This is becoming a bigger issue every month - authors publishing articles about some statistical technique in a data science blog - while these techniques not only don't work well in many contexts, but in addition can not be understood or interpreted by the layman or your client. It makes data science looks bad.
In this case, it's about classical tests of hypotheses, implicitly (and unfortunately) assuming that the underlying distribution is normal. The drawbacks are as follows:
- I have rarely seen a normal (Gaussian) distribution in practice, and even after transformation, most distributions associated with modern problems are not normal.
- This test is not robust; a few outliers will easily invalidate your conclusions.
- This test is subject to p-hacking, a technique consisting of replicating your test dozens of times until it provides the conclusion that you like.
- This test relies on p-values, an arcane concept that nobody but an elite club of initiated professionals (charging a lot of money) understand. The term p-hacking comes from abusing p-values, to lie with statistics. Remember: there are lies, damn lies, and statistics (and Amazon reviews). Frankly, do you know what p-value means?
- It is very hard for the average person to understand these concepts. We have developed a math-free, stats-free methodology to perform a test of hypothesis: basically, you compute a (model-free, data-driven) confidence interval, and if the parameter that you measure is outside the bounds of your confidence interval, your assumption must be rejected. It can easily be performed even in Excel, as shown in my article. This framework is much easier to understand even by the non initiated, and in addition my confidence intervals are robust and distribution-free, unlike the standard version.
- My version of "hypothesis testing" is easy to implement even in SQL. It is also universal, in the sense that it applies to any king of data, even data with outliers, not well-behaved data, or data with a special, unusual distribution.
- Teaching the classic statistical version of this test is just like teaching assembly language in a programming class: this stuff should be automated and used in contexts where it works. But there is no need to teach this material in data science classes, it is a waste of time, especially since in most textbooks, there are about 100 pages of prerequisites (random variables, probability theory, and so on) before the concept can be introduced. .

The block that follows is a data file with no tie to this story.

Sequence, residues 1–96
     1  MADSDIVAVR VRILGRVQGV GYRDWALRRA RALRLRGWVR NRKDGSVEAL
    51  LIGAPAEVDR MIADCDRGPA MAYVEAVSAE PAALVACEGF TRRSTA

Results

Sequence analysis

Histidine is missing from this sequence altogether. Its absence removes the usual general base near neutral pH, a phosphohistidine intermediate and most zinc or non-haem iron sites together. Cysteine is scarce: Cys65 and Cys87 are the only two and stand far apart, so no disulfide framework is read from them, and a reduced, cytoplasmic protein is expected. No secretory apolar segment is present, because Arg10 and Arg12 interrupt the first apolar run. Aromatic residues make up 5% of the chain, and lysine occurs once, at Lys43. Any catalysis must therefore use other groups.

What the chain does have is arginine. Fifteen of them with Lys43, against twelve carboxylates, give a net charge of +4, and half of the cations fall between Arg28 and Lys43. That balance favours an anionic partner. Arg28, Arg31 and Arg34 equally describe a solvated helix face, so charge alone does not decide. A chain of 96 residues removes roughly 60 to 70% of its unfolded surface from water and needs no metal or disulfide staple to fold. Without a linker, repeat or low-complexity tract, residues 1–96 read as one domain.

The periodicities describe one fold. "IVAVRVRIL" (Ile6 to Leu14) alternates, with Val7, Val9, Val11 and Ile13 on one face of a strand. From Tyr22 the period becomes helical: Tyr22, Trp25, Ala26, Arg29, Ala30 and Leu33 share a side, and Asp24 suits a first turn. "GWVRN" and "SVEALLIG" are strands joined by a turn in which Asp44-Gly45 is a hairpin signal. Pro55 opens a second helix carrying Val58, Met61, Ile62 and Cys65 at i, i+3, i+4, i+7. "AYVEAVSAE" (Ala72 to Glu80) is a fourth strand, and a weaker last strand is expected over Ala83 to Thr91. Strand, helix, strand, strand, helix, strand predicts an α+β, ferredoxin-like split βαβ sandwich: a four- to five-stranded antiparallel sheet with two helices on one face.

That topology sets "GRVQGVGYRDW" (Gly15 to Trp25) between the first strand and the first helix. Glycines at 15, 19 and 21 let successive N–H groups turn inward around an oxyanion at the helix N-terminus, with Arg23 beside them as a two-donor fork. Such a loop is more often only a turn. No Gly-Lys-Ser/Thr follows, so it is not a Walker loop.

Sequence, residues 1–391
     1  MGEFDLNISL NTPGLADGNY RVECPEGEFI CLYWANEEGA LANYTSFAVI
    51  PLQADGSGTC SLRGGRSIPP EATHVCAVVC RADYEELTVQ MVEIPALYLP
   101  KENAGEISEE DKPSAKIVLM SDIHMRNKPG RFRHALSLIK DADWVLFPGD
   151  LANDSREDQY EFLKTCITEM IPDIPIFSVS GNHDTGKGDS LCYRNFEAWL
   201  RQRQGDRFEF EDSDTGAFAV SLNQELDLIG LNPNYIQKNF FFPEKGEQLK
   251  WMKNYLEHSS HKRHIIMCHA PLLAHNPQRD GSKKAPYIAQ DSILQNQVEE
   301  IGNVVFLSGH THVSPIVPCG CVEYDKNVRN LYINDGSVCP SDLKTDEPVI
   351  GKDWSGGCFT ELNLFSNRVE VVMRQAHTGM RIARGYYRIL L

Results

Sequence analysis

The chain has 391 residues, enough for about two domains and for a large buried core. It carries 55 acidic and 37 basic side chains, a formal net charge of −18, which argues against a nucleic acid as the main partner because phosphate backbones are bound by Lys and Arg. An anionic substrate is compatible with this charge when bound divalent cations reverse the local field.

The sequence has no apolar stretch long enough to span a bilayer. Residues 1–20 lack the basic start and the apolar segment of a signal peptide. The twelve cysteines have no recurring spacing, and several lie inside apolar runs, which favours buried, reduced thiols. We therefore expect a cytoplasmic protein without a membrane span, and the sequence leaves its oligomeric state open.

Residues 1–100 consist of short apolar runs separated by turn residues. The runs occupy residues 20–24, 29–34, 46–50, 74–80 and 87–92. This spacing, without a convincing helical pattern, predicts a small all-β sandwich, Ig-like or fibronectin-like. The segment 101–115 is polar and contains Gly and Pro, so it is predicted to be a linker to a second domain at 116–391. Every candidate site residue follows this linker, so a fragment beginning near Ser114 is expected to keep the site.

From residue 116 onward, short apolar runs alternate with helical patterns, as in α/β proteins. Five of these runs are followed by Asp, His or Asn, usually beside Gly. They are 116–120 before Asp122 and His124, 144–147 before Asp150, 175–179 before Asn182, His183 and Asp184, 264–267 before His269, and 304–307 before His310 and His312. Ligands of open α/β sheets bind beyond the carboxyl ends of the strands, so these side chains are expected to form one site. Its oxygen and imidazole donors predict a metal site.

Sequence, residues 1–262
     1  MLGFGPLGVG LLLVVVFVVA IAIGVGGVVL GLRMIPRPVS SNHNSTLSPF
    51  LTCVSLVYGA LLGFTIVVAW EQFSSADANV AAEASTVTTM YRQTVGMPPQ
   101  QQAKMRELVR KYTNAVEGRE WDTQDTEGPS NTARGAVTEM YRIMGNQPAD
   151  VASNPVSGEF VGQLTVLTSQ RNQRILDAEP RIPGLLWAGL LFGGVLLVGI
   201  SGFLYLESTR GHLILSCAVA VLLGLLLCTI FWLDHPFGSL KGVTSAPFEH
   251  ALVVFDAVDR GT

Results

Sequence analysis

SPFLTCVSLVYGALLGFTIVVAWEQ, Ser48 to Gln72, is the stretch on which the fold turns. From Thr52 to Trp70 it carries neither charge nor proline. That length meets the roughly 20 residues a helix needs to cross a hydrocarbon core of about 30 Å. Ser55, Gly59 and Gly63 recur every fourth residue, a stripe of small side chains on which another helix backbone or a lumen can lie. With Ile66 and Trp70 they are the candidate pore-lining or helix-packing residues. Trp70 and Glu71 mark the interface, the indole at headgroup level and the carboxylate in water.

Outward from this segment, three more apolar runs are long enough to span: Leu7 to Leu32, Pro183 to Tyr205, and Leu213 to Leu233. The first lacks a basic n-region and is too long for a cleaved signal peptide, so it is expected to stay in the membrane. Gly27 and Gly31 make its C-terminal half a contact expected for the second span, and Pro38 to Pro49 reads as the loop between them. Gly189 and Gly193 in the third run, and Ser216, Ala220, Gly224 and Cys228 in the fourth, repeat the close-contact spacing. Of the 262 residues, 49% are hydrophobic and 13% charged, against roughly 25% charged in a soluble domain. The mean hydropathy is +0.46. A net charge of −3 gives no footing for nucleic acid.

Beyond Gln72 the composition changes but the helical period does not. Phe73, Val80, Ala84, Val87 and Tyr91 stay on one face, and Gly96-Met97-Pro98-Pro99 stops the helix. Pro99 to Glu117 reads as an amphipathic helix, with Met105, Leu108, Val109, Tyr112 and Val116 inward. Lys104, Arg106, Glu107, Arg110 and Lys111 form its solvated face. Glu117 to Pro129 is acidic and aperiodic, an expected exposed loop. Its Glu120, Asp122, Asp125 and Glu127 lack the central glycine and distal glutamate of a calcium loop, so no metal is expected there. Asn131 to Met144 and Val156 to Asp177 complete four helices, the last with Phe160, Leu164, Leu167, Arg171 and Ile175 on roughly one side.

- My approach is bottom-up (from data to modeling), that is, applied; the traditional test is top-bottom (from modeling to data), that is, theoretical.
- The only advantage of the classical test is that it has been published thousands of times in textbooks for over 150 years, making it some kind of (bad) standard. It was invented well before computers existed, at a time when mathematical elegance would prevail over lengthy computations. But tradition does not mean efficiency nor robustness.
- Because there are so many theoretical statistical distributions and so many ways to test hypotheses, classical statistics offers more than 100 different types of tests (just like it offers dozens of confusing regression techniques): Normal test (the one criticized here), Student test, F-test, Chi-Square for independence, Chi-Square for model fitting, Kolmogorov-Smirnoff, Wilcoxon, just to name a few popular ones. Each one can be one-sided or two-sided, and when testing multiple parameters, it gets even more complicated. Some require numerical algorithms to find the critical values. To the contrary, my approach, being distribution-independent, offers one simple universal test. And because it is based on confidence intervals, you don't even need to know what one-sided or two-sided means. And jargon such as Error I or Error II is replaced by English words: false-positives and false negatives.
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